Blood, Sweat, and Fear:
the story of Inspector Vance, Vancouver’s first forensic investigator
John F.C.B. Vance was known internationally as Canada’s Sherlock Holmes. During his forty-two-year-career, starting as the City Analyst in 1907, he helped detectives solve hit-and-runs, safe-crackings, and some of the most sensational murder cases of the 20th century. Vance was constantly called to crime scenes and to testify in court because of his skills in serology, toxicology, and autopsy.
When Vance was first called to a crime scene in 1914, forensics was in its infancy. Vancouver was the first police department in Canada to have a scientist on staff and one of the few police departments in North America to use forensics in investigations. Vance’s knowledge of poisons helped solved a sensational death case, while his work in blood analysis allowed him to distinguish human from animal blood―and send a murderer to the gallows. His work in firearms examination was leading-edge, and Vance was able to bring his expertise in trace evidence and explosives to solve dozens of robberies, earning him front-page headlines.
Vance’s skills and analytic abilities were so effective that in 1934 there were seven attempts on his life, and for a time, he and his family were under constant police guard from criminals afraid to go up against him in court.
Blood, Sweat, and Fear delves into some of the most notorious cases in BC’s history, and the personal struggle of John F.C.B. Vance, a scientist who never lost his moral compass in the midst of corruption that reached to the top of the police force and to City Hall.
“Lazarus has done quite a detective job herself in tracking down and piecing together [Inspector John Vance’s] journals and papers,” writes George Fetherling in the Georgia Straight. “This is a fine Vancouver book indeed.”
“Had Vance been born a few decades later, his work would have qualified him for a spot on the Forensic Files television series. Instead he will be remembered through this book,” writes the Times Colonist.
“Blood, Sweat, and Fear is a captivating read which uses Vance’s life and work as the narrative thread weaving together accounts or more than a dozen cases he worked on during his 42-year career,” writes Spacing Vancouver. “Lazarus walks the reader through his careful examination of crime scenes. As she describes the collection of shards of broken glass, discarded cigarettes, or ripped fragment of cloth for analysis back at the lab, at times Blood, Sweat, and Fear reads like a page-turning whodunit, as the reader tries to guess which piece of evidence in a given case will prove to be the proverbial smoking gun. The book is a brisk, entertaining read about a fascinating character.”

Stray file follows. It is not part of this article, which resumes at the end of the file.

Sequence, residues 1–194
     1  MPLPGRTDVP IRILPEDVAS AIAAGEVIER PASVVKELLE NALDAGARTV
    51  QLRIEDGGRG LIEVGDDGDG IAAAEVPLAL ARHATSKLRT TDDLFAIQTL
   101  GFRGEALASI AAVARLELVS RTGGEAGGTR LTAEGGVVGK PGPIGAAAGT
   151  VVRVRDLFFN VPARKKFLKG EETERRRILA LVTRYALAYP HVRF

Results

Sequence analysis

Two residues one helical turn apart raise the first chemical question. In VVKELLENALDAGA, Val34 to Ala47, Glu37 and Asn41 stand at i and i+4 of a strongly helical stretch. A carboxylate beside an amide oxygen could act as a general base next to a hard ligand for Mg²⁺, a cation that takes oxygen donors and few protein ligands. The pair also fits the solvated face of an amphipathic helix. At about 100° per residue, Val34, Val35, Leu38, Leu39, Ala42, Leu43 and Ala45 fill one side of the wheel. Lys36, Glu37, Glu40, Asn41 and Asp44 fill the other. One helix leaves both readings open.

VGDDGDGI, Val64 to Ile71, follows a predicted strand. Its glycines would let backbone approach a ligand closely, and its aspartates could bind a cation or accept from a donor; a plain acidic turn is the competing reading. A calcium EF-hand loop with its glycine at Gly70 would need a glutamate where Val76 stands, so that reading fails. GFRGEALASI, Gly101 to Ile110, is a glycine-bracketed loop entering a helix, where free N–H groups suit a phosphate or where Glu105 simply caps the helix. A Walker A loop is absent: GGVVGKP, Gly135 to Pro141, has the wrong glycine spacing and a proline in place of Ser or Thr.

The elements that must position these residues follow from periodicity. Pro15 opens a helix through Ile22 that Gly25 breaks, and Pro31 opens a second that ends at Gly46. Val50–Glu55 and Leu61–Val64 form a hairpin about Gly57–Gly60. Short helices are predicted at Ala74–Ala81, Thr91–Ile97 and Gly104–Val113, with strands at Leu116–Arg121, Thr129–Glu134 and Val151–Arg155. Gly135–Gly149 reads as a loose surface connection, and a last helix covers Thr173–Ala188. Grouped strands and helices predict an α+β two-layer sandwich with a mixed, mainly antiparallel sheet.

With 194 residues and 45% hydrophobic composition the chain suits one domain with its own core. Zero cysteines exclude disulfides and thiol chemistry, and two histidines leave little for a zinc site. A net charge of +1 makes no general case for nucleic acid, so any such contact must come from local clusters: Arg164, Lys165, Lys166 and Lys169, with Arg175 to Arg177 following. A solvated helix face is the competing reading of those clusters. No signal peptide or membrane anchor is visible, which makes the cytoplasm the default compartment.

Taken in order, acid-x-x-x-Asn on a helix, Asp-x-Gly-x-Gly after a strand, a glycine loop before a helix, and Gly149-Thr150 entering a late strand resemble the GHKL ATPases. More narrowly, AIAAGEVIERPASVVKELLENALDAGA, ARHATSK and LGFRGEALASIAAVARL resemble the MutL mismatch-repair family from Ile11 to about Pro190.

“John F.C.B. Vance is an unsung good guy from a lifetime ago—a dogged forensic scientist determined to bring British Columbia’s murderers to justice, regardless of threats to himself and his family. Eve Lazarus has written an important history book that reads like a thriller.” Michael Kluckner, author/artist of Vanishing Vancouver and Toshiko:
“Eve Lazarus has written a detective story based on her research about a fascinating individual who was a pioneer in forensic science in Canada,” says Douglas M. Lucas, former director of the Centre of Forensic Sciences in Ontario. “The book includes interesting specifics about many of the true crime cases that John F.C.B. Vance helped to solve.”
“He was a pioneer in using science to solve crimes, faced death threats, invented a machine called ‘the robot detective’ and was known as Canada’s Sherlock Holmes,” writes Metro Vancouver. “It was a period of Vancouver’s history when city hall and the police department were rife with corruption and both the police chief and mayor had ties to organized crime”
“Vance’s four-decade career spent helping Vancouver police solve crimes, primarily through his pioneering use of forensic science, is the subject of Lazarus’ new book Blood, Sweat, and Fear,” writes the North Shore News. “The book paints a grizzly portrait of Vancouver from the beginning of the 20th century until after the Second World War and traces some of the city’s most notorious crimes.”